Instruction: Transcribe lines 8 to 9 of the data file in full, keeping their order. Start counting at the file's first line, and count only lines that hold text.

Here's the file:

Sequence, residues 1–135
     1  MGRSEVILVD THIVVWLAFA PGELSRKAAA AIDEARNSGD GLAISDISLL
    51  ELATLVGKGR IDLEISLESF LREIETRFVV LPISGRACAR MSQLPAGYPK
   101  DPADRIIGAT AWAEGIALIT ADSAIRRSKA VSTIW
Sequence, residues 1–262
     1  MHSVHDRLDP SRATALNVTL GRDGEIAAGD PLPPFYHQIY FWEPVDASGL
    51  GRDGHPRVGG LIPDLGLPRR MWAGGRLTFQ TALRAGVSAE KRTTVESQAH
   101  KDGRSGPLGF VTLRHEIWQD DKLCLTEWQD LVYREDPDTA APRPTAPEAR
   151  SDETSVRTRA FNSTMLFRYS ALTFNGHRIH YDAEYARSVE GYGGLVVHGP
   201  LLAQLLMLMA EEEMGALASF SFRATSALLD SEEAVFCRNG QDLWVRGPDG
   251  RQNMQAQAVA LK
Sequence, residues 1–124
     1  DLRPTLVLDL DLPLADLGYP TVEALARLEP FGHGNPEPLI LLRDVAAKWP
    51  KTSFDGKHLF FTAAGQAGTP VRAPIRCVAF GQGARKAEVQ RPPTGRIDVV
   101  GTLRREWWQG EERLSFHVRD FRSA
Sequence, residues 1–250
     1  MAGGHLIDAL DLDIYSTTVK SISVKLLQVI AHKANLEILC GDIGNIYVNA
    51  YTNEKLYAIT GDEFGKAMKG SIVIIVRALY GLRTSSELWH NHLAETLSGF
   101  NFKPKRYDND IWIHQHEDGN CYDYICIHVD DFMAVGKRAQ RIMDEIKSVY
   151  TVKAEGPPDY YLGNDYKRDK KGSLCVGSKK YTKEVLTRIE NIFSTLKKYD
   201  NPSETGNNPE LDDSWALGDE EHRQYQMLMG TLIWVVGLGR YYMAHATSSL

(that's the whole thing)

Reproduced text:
   101  KDGRSGPLGF VTLRHEIWQD DKLCLTEWQD LVYREDPDTA APRPTAPEAR
   151  SDETSVRTRA FNSTMLFRYS ALTFNGHRIH YDAEYARSVE GYGGLVVHGP